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12
Sep
2013

Free Smartphones May Push Connectivity and Efficiency To New Levels

by Administrator

Free Smartphones May Push Connectivity and Efficiency To New Levels

Cell phones using bandwidthInternet traffic growth is being driven by mobile devices and emerging markets. Now, as smartphone manufacturers, mobile carriers and forward thinking digital business owners all take notice, rumors are spreading that free smartphones may soon be offered by large players seeking to capture market share. Smartphones, tablets and other mobile devices already account for 25% of internet traffic. In the first quarter of 2013, tablets exceeded traditional desktop computer conversion rates for the first time according to reports by industry trade groups and Apple announced a new iPhone 5C at a much lower price point to spur growth. Now rumors persist that Amazon may soon unleash a free smartphone to capture market share and the pressure free content has caused on evolving business models may soon be amplified by free hardware providers.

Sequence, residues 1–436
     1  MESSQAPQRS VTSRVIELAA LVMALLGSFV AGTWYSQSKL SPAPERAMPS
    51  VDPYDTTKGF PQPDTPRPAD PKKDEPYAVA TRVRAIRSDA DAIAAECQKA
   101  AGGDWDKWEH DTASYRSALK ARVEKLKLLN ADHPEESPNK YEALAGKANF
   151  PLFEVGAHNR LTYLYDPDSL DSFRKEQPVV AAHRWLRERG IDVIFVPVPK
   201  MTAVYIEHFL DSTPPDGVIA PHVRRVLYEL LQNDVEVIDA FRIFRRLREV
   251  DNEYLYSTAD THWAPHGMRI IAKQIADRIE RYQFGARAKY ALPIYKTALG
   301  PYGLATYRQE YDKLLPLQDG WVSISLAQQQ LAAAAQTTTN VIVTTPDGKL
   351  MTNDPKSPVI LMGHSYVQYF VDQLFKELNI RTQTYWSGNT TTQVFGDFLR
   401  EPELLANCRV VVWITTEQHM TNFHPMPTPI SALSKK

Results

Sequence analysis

In a recent frenzy of activity Microsoft has bought mobile device maker Nokia, Verizon and Vodaphone announced one of the largest deals in history, Apple released a low price iPhone 5C and now with rumors are suggesting E-commerce heavyweight, Amazon may be getting into the cellphone market by offering free smartphones. Amazon has subsequently denied the rumors with an official statement that “it will not offer a phone this year” and that the phone would “not be free.” However parsing their statement, particularly when there are only four months left in the year, it appears to offer little consolation for their competitors in the wireless space who have relied on wide per-device profit margins.